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Power Shirt Generates Electricity Using Nanotechnology

Nanotechnology is the science of engineering microscopic particles to perform tasks on a cellular level. Some nanoscientists are developing microscopic machines to perform tasks in a world so small that the unassisted human eye is unable to watch. Various nano-fields have emerged: nanomedicine, nanoengineering, nanoagriculture, and many more. Scientists are making astounding discoveries on the nano scale level.

A growing number of people are discovering new and innovative ways to create electricity without the use of fossil fuels or other non-renewable sources, even green ways to power portable electronic devices. Most people use a number of portable electronic devices such as, cell phones, PDA’s, laptop and micro computers, MP3’s, games, etc. Power for these devices can be harnessed using small solar cells, micro-wind generators, hand-crank generators and more.

Scientists at Georgia Tech are developing a power-generating fiber that can be woven into commonly worn articles of clothing. Zinc Oxide, a naturally-occurring substance formerly used in medicines, is formed into nanowires. These microscopic wires are then woven into textiles made of virtually any fabric (the researchers used Kevlar in their experiment). As the nanowires move among the fabric, tiny vibrations and friction create electricity. And we all thought static electricity in clothing was bad.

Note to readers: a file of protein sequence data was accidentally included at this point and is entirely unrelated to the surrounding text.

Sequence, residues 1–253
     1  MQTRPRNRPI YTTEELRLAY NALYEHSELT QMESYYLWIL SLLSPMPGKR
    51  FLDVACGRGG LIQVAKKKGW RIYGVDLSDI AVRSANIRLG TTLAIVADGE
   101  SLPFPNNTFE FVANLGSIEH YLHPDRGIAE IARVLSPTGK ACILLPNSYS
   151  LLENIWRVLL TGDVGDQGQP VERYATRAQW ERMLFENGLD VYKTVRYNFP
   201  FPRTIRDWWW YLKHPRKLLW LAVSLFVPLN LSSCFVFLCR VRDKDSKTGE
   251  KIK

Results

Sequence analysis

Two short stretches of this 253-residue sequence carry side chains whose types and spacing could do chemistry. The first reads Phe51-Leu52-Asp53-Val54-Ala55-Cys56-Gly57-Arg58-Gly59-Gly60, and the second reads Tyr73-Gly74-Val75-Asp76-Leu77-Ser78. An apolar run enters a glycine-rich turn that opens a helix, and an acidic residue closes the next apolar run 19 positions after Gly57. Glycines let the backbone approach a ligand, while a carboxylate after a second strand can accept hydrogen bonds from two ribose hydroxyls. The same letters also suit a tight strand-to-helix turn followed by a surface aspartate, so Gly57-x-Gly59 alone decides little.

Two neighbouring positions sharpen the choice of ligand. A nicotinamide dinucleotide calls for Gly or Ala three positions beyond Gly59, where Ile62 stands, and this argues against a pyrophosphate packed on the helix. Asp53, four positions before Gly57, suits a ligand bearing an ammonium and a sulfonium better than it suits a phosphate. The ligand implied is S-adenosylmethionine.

It is estimated that one (1) square meter, or about nine (9) square feet of this nanowire-woven fabric can create eighty (80) milliwatts of electricity. This power can then be converted to a form useable by your portable electronic devices.

When woven into fabric used for exercise, such as running shorts or jogging pants, the amount of electricity produced would be increased by movement. Power could then be stored in rechargeable batteries and transferred to small electronic devices. Clothing designed for night use could also be illuminated using the power generated by the garment itself, thereby providing light for work or safety.

As this technology improves, we could see power-generating nanowires woven into automobile seats, home furnishings, blankets or any imaginable fabric application. Imagine an outdoor flag that generates small amounts of electricity when the wind blows, stores that power in rechargeable batteries, then those batteries are used to recharge your cell phone!

The principle of vibration creating movement in the fabric which produces electricity has made some persons wonder how this material might work in sound-dampening blankets. If such blankets were placed around large machinery or other loud equipment or devices, the vibrations could create electricity for green uses. Perhaps there is at last, a useful purpose for noise pollution.

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